If there is a man who has defied odds and surprised admirers and critics alike it has to be Sourav Ganguly. Now, after 11 years of international cricket, the man, known for his fiery aggression on the field, but radiating calm equanimity off it, tells the world that the thought that two days from now he will be playing his 100th Test gives him a very “satisfying feeling”.
Satisfying it has to be for any cricketer who lasts for more than a decade at the top, and from a purely personal point of view, it is something to be really proud of. Not that it is for the first time that someone will be achieving this landmark and neither will it be the last time. It’s just that to have come so far means that you have been good enough to withstand the ravages of time and age. And in his case he has survived all the slurs, slings and arrows of a world, which has accepted him grudgingly as someone who belongs.
It is a story with so many twists and turns that a scriptwriter can make a living off it. When only 19 he played his first One-day International in Australia and immediately after that was dumped following accusations of having the attitude of a man spoilt by the affluence of his parents. Six years later, he was picked to play for India again and the whole journalistic community screamed in a crescendo that his selection was unjust.
When he met a few of his embarrassed critics a few moments after he had scored a ton at Lord’s on his Test debut, he greeted them with a disarming smile and calmness that conveyed not just good manners but also an impression that he was not a vindictive man.
That hundred spiralled him into an international career of fame and success and to Indian captaincy post the match-fixing convulsions that shook cricket to its core. It was again a choice that was greeted with scepticism but the results proved that the man had the steel in him that did not care for reputations but did care for results.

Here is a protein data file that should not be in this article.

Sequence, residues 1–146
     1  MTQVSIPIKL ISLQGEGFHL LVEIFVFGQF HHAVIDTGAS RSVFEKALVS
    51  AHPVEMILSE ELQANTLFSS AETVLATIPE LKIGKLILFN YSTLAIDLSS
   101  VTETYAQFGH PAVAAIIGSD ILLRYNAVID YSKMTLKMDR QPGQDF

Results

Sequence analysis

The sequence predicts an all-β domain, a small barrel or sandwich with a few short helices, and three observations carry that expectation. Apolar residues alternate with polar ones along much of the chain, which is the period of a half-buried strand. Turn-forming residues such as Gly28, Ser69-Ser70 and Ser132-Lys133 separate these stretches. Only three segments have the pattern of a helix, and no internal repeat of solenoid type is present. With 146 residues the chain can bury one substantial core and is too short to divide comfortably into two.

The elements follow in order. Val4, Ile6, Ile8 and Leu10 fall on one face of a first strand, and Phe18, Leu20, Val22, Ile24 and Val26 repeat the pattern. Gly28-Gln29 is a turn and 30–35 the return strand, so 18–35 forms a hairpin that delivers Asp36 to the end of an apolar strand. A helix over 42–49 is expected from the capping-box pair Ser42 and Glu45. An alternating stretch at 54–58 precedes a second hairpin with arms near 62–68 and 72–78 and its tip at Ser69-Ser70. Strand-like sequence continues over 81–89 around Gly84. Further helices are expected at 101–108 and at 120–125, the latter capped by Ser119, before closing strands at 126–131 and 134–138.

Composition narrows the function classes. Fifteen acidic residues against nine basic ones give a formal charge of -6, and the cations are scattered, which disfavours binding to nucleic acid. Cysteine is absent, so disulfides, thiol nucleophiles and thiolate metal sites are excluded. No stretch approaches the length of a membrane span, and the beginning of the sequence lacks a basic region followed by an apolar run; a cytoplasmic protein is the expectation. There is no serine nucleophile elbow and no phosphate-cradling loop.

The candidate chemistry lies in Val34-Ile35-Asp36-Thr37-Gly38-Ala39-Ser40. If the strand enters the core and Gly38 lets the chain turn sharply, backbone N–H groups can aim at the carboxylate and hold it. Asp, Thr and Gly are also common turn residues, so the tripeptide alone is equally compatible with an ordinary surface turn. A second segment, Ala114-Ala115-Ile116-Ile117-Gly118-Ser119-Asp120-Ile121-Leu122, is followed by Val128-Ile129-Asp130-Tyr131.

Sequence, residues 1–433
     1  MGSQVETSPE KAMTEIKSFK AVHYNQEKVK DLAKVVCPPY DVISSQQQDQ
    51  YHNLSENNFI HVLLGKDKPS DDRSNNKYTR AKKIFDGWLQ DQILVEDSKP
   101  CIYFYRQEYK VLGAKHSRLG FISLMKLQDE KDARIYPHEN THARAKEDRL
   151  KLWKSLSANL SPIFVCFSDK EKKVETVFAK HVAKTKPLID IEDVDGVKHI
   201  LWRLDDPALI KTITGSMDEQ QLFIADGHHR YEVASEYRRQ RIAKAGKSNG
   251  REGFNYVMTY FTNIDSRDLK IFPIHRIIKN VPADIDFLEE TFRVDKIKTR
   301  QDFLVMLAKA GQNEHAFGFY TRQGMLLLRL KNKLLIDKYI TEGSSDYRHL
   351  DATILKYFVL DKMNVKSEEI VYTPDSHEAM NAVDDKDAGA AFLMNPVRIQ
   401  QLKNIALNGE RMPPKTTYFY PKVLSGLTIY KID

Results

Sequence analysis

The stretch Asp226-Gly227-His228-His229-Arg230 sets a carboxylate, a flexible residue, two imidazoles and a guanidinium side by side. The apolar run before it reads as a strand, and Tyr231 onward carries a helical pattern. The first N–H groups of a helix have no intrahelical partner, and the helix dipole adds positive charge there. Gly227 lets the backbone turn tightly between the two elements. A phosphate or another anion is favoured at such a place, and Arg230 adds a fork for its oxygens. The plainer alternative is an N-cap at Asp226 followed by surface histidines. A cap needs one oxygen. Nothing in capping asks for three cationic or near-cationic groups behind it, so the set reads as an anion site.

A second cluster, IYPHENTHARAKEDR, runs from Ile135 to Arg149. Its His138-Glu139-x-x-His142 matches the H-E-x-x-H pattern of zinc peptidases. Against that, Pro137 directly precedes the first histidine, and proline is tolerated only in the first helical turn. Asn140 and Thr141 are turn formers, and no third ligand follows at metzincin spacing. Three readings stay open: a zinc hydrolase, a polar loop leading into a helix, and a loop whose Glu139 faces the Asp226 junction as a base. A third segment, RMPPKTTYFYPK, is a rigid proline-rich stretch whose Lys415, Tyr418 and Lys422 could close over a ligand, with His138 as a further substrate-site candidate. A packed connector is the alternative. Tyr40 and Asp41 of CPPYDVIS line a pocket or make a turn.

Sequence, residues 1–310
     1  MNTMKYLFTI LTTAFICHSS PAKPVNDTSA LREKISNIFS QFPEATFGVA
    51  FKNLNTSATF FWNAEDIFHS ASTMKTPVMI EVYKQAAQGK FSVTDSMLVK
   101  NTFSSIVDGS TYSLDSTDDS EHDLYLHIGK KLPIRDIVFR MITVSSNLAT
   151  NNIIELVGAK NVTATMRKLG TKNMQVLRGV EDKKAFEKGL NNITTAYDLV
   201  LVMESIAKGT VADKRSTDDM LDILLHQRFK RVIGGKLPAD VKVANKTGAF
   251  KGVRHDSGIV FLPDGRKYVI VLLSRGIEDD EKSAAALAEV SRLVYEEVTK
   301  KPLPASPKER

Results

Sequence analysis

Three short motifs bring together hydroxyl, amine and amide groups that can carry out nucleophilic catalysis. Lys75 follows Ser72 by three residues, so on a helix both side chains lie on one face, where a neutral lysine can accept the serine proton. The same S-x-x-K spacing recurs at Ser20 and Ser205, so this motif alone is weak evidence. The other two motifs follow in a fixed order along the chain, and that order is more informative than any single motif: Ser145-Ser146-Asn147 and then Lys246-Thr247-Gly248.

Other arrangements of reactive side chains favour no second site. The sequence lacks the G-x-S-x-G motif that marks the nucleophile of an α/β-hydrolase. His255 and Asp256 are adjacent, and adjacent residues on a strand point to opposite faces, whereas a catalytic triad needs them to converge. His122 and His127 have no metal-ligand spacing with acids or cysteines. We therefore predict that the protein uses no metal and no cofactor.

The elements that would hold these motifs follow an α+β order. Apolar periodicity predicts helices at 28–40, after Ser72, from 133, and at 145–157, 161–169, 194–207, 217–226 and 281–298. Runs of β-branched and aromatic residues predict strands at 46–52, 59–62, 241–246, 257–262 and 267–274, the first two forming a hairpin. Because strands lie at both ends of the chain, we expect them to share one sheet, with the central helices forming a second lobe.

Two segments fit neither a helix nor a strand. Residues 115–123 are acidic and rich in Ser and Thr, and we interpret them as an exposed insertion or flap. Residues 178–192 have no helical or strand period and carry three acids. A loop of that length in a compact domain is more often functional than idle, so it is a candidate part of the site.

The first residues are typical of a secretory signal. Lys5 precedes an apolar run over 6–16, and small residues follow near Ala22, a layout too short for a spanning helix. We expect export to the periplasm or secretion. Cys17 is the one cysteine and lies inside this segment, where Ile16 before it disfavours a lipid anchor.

All international captains, be it a Nasser Hussain or a Steve Waugh, found to their dismay that they were dealing with a man who had the knack of getting under their skin and inspiring his team to perform above themselves. Not since the days of the Nawab of Pataudi had there been a leader who rallied his troops behind him. All that mattered for Ganguly was the skill of the player and not which region or state he belonged to. He may not agree, but captaincy dulled his cricketing skills and then walked in Greg Chappell as India coach.
Chappell humiliated him and manipulated the press to such an extent that the only viewpoint that appeared in print was that of the coach.
It hurt the man, it still hurts him. “I didn’t mind being dropped; anyone can be if he is not making runs. But the kind of things that were said about me were depressing,” Ganguly said.
There were not many who believed he could make a comeback, except the man himself. The eight months he was out of the team were spent in physical training the likes of which he had never done before and in preparing himself for a comeback. You would tell him “give up, what is the point, you won’t be picked again” and the answer would be, “I will give it a try and if I am not there before the World Cup I will give up.”
He is back now and the kind of cricket he has played in this last year has not only raised his stature as a batsman but has made even his bitterest critic finally accept him as someone who belongs. When he steps out in Melbourne for his 100th Test, be sure there won't be a single Indian not wishing him well. At the twilight of an eventful career he finally seems to have won over even those who harboured a strong dislike for him.